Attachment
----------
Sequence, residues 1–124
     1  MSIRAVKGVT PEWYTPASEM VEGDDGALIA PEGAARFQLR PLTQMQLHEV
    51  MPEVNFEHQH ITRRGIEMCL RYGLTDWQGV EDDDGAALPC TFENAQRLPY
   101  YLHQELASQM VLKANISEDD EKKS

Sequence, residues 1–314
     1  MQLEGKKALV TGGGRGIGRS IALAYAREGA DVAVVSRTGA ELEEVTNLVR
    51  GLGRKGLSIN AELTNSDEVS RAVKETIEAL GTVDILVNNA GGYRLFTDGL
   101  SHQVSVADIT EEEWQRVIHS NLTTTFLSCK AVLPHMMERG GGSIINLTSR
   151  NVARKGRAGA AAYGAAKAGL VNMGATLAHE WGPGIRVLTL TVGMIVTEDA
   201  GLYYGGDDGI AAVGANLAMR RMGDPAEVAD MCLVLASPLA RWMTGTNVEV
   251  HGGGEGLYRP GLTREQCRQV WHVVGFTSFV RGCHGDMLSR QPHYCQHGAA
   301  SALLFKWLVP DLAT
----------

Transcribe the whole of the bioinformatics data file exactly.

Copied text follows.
Sequence, residues 1–124
     1  MSIRAVKGVT PEWYTPASEM VEGDDGALIA PEGAARFQLR PLTQMQLHEV
    51  MPEVNFEHQH ITRRGIEMCL RYGLTDWQGV EDDDGAALPC TFENAQRLPY
   101  YLHQELASQM VLKANISEDD EKKS

Sequence, residues 1–314
     1  MQLEGKKALV TGGGRGIGRS IALAYAREGA DVAVVSRTGA ELEEVTNLVR
    51  GLGRKGLSIN AELTNSDEVS RAVKETIEAL GTVDILVNNA GGYRLFTDGL
   101  SHQVSVADIT EEEWQRVIHS NLTTTFLSCK AVLPHMMERG GGSIINLTSR
   151  NVARKGRAGA AAYGAAKAGL VNMGATLAHE WGPGIRVLTL TVGMIVTEDA
   201  GLYYGGDDGI AAVGANLAMR RMGDPAEVAD MCLVLASPLA RWMTGTNVEV
   251  HGGGEGLYRP GLTREQCRQV WHVVGFTSFV RGCHGDMLSR QPHYCQHGAA
   301  SALLFKWLVP DLAT